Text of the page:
Stefan Edberg’s movement

He was possibly the quietest and most unassuming of champions, but, as the old saying goes, the quiet ones are the worst. No one was ever sure quite how or when Edberg made his move to the net but he did it like greased lightning. In the blink of an eye he went from preparing to start his service action to hanging over the net like a preying mantis. Every part of his game was beautiful to watch and all of it depended on his ability to glide across the grass as if on castors.

John McEnroe’s volley

Maybe it is the effects of age or maybe it is just the old tapes of matches from a bygone era, but McEnroe seemed to move in slow motion at the net. Where others rush to snap their volleys away, Mac the Mouth appeared to have all the time in the world, holding the ball on his racket strings until his opponent had committed himself, leaving McEnroe to put the ball into the space left behind. He made it look so simple. Helped enormously by a left handed serve, his approach to tennis was the same as his approach to life – take it head on and attack.

Jimmy Connors’s fight

Connors was pathologically incapable of giving in, even when the cause seemed lost. In 1987, he came to Wimbledon with a leg injury and, aged 34, he was supposed to be in the twilight of his career. When he slumped to a 6-1, 6-1, 4-1 deficit against Mikael Pernfors in the fourth round, he should have been down and out. But with his pride wounded, Connors began to fight and, running away with 18 of the last 25 games, he cussed, hollered and roared to a five set win and was only beaten in the semi finals. He was not done as in 1991, aged 39, he scrapped his way to the US Open semi finals and only retired the following year.

Bjorn Borg’s ice-cold reserve

The man with a resting heart rate that was only marginally above unconscious, Borg could not be rattled on a tennis court. If they had dropped the bomb beside him during a match, he would have finished match point before looking up to see what all the fuss was about. His cold reserve was catching, too, and not even the volatile McEnroe would dare disturb the calm with an outburst when he was playing the Swede. Refraining from sex and shaving (an odd combo) during Wimbledon, he allowed nothing to disturb his focus on winning the title. The effort was exhausting, though, and he retired at the age of 26, mentally spent.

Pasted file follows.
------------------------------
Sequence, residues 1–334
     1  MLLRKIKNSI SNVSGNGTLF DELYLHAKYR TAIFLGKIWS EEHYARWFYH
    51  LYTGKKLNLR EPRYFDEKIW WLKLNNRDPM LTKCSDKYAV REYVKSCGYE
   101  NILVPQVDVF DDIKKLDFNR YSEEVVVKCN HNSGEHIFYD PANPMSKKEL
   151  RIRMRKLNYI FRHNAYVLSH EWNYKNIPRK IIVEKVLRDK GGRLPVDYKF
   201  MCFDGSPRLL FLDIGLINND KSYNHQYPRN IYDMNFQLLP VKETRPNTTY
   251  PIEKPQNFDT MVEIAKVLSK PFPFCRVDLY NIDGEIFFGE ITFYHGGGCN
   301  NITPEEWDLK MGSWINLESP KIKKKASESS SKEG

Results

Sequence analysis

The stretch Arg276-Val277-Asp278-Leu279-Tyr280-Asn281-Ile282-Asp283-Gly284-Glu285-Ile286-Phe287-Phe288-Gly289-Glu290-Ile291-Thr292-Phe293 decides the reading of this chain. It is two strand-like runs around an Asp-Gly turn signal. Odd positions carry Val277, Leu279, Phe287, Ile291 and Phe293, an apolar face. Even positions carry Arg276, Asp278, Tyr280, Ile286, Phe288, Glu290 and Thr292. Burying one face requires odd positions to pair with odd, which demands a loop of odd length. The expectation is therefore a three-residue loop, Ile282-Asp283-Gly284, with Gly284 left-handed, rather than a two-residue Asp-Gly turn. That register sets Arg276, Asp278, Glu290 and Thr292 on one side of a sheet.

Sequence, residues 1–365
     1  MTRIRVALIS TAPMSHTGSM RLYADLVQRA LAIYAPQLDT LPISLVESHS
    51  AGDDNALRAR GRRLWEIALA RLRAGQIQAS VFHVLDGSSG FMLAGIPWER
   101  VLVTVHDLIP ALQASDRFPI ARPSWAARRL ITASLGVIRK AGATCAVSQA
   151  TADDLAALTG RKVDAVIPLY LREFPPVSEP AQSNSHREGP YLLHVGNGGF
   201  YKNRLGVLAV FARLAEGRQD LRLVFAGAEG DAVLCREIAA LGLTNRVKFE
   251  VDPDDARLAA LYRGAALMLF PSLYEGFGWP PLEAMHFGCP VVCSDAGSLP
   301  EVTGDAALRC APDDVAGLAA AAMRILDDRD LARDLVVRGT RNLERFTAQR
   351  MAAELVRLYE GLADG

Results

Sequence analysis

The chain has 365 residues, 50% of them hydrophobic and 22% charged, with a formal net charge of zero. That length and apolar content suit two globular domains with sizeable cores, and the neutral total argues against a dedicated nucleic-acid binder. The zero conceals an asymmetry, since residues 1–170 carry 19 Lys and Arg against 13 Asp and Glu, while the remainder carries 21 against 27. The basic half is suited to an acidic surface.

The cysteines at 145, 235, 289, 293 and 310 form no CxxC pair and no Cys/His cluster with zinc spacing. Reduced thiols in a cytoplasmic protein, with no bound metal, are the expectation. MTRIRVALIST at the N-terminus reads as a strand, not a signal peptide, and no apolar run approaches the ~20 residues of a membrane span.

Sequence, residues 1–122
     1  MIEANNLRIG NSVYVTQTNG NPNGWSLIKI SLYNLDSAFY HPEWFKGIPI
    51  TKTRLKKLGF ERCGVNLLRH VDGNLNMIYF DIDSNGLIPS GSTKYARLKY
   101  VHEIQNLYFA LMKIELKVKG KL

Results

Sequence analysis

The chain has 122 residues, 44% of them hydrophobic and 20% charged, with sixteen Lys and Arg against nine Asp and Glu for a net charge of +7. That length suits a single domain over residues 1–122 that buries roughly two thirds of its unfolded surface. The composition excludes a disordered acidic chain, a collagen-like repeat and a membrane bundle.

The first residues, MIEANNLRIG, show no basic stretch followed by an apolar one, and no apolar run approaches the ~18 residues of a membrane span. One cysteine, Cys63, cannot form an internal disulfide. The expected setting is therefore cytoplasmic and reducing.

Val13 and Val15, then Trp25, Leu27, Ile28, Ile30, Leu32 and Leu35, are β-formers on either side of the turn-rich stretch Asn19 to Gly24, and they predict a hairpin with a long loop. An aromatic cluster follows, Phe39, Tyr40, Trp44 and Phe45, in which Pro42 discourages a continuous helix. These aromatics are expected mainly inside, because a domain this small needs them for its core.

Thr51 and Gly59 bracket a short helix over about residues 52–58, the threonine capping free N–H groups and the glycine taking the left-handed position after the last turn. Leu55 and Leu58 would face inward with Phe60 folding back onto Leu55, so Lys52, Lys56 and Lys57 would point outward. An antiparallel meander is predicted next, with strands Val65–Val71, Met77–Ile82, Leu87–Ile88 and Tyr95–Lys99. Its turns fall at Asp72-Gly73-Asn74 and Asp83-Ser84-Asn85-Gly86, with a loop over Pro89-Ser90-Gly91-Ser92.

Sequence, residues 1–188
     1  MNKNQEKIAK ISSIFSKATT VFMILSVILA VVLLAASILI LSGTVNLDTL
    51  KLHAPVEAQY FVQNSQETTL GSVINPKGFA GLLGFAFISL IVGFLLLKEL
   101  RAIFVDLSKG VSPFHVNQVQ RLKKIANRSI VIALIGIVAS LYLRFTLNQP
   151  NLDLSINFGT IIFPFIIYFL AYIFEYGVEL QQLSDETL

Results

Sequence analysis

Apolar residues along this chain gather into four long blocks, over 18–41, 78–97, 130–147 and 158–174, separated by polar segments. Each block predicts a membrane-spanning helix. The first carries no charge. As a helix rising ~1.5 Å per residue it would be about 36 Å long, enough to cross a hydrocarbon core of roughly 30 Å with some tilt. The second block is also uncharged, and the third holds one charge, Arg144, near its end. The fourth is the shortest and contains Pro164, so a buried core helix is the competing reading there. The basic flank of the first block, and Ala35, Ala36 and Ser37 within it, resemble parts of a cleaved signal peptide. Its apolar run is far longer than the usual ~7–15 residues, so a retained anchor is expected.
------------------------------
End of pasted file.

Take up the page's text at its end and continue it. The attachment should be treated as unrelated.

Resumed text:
Now, the only thing that remains is to name this player.

(source: scotsman)

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The 20 year old Serb has done it one more time. Novak Djokovic defeated Marcos Baghdatis in the quaterfinals of Wimbledon 7-6 7-6 6-7 4-6 7-5 to set up a clash with the number 2 seed Rafael Nadal in the semifinals. Nadal previously brushed aside Tomas Berdych.

Serb Djokovic, 20, took the first two sets on tie-breaks, winning the second 11-9 with his first set point after Baghdatis had missed six of his own.

Cheered on by his vocal Cypriot fans, Baghdatis won the third tie-break and came from behind to win the fourth set.

But third seed Djokovic broke Baghdatis’s serve at 5-5 in the decider before serving out for a 7-6 7-6 6-7 4-6 7-5 victory.

Once Djokovic had snatched the second set and gone a break up in the third, it looked as if he was on course for a straight-sets win.

But Baghdatis then reeled off five games in a row and although he was broken serving for the set, this time he held his nerve in the tiebreak.